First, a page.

Although the production of concentrated feed increased more than 1%, premixes output stayed flat whereas that of complete feed, the single most important feed type, decreased 2%. Overall, feed producers cut output of broiler feed by 1.8%, while lowering prices by 0.60% to promote sales.
 
Aquaculture feed
 
Warmer summer weather supported the recovery of the aquaculture sector. However, several provinces in China, including major aquaculture production provinces such as Guangdong, Fujian and Hunan, continued to be troubled by floods and rainstorms. This hampered the growth of aqua feed to some extent, limiting the rise in feed output to below 30%.
 
However, year-on-year, aqua feed production has increased 5% during June. And with the production of all major livestock lines diminishing, aqua feed was the major contributor to June's feed production increment.
 
Ruminant feed
 
The demand for ruminants feed shrank 3.10% on-month and was flat on a year-over-year comparison.
 
As the prices of global dairy products kept falling, China's dairy industry faced strong challenges while more dairy products were imported. With the demand from the dairy sector falling, producers produced less ruminants feed during June.
 
Specifically, the production of completes feed dropped 5% whereas those of concentrated feed and premixes rose by 2% and 1% respectively.
 
 
Market forecast
 
Aquaculture feed will continue to be the major driver of feed production growth in July, as the sector expands towards its seasonal peak despite disruptions of aqua farming in some regions. However, the production growth will slow down as feed millers anticipate demand to wane gradually entering August.
 
Hog sector will remain strong with availability insufficient. Yet, the population of hog is unlikely to expand meaningfully with piglet production critically low. Although sow inventories have stabilised and even recovered in some regions during June, the recovery will only translate to higher piglet reproduction several months later. In fact, piglet prices have surged more than those of hog over the past few months due to severely insufficiency. Hence, hog feed production is expected to increase marginally at best during July, mainly because farmers are holding back releases in anticipation of soaring prices.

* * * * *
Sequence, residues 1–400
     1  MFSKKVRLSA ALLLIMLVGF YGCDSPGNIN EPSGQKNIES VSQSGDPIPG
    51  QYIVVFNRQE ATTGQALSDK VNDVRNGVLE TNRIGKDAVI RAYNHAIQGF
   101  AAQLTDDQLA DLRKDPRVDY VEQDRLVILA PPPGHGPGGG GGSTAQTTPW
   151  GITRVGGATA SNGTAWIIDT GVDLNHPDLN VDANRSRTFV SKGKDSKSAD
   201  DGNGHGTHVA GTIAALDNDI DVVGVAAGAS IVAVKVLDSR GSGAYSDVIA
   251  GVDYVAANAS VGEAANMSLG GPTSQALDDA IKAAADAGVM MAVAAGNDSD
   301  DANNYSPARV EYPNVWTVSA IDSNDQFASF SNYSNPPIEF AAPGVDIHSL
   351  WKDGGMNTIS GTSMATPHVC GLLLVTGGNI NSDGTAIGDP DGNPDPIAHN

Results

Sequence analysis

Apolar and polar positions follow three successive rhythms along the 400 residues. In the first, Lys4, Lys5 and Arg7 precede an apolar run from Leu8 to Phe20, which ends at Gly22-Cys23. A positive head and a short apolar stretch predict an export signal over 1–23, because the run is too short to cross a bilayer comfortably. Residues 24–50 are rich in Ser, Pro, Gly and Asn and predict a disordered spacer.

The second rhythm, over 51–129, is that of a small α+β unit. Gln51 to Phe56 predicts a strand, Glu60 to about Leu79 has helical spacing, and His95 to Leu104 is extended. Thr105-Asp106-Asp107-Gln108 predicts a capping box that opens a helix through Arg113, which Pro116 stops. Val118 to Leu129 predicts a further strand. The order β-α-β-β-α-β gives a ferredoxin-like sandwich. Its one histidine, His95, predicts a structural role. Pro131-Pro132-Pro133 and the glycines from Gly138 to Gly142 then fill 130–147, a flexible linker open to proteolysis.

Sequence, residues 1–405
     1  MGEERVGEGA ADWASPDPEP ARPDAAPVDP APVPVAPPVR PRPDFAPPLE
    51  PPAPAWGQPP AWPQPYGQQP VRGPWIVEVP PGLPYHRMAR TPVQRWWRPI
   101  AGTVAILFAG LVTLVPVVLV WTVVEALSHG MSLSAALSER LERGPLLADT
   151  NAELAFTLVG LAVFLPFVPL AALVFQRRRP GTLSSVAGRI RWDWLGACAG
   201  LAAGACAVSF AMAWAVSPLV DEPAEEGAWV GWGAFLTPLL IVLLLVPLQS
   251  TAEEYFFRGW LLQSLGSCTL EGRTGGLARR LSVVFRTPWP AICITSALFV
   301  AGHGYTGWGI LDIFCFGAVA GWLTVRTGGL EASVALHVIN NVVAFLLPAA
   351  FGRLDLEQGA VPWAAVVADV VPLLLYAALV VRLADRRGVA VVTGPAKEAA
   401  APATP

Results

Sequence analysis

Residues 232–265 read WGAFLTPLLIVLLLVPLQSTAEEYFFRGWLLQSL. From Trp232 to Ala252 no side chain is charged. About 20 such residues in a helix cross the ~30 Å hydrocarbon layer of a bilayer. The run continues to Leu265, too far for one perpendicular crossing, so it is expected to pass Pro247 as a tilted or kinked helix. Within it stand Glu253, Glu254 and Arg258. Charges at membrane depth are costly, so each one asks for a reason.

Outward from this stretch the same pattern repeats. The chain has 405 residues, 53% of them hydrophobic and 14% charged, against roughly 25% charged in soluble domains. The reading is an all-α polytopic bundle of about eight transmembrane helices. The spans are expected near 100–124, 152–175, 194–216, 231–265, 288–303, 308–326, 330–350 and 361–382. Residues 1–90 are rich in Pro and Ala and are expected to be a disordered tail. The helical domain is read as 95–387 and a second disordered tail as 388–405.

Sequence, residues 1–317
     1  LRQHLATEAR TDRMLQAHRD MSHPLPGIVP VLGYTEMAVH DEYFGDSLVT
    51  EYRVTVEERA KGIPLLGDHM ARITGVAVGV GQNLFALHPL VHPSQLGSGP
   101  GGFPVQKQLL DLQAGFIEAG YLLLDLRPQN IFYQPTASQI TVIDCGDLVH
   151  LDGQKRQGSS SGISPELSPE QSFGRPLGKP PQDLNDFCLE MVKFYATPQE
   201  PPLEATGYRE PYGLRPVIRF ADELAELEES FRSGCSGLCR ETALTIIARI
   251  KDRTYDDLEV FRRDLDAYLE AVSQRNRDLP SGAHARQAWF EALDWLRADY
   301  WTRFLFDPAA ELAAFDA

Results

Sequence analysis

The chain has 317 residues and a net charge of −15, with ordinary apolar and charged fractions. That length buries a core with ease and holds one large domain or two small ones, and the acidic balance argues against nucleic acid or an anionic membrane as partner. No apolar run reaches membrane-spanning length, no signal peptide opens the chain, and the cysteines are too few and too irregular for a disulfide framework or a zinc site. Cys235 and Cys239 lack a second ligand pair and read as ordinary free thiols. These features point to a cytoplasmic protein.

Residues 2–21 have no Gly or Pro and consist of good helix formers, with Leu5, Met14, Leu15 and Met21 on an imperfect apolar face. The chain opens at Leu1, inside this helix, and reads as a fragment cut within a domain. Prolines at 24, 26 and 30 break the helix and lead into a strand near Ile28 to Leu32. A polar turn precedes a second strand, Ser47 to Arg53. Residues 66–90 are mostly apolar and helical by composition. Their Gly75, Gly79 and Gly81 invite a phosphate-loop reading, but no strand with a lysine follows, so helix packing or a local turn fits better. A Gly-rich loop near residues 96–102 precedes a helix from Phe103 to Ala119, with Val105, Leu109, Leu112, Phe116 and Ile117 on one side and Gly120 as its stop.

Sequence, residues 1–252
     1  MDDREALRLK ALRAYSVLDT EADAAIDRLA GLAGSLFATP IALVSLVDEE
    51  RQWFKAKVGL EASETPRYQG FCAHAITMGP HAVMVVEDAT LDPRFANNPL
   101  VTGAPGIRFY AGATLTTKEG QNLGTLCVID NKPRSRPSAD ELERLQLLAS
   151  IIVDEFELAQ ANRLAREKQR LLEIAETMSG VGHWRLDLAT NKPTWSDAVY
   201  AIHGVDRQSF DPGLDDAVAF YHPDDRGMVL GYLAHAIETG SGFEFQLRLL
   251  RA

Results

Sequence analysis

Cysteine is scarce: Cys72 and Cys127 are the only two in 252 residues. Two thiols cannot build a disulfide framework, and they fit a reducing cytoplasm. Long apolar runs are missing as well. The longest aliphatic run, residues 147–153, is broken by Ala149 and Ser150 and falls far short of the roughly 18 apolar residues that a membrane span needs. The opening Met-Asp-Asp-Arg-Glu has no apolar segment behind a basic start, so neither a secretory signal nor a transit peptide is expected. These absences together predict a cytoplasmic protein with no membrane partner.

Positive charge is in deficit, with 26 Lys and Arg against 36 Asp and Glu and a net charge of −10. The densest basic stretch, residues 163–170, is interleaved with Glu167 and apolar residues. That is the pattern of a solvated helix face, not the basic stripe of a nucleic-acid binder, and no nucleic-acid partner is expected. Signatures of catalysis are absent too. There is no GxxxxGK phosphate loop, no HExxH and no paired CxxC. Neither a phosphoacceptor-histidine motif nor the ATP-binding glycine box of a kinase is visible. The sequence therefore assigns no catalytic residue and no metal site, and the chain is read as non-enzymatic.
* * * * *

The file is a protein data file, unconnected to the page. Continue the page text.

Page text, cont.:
For the poultry markets, broiler prices should rise further without layer farmers dumping aging layers in the market, and with consumers buying more chicken as pork becomes more and more expensive. Egg prices are expected to rebound as well on tight supplies, the result of high rejection rates over the past several months.
 
This should boost the confidence of poultry farmers to expand inventories. However, as hatcheries have cut production and culled breeders recently to minimise losses while chick prices hit rock bottom, it remains uncertain whether the population of broiler and layer will recover in July.
 
Hence, it is likely that China will produce less feed in July than in June, although the more likely scenario is a slow growth of 1% to 2% in feed production.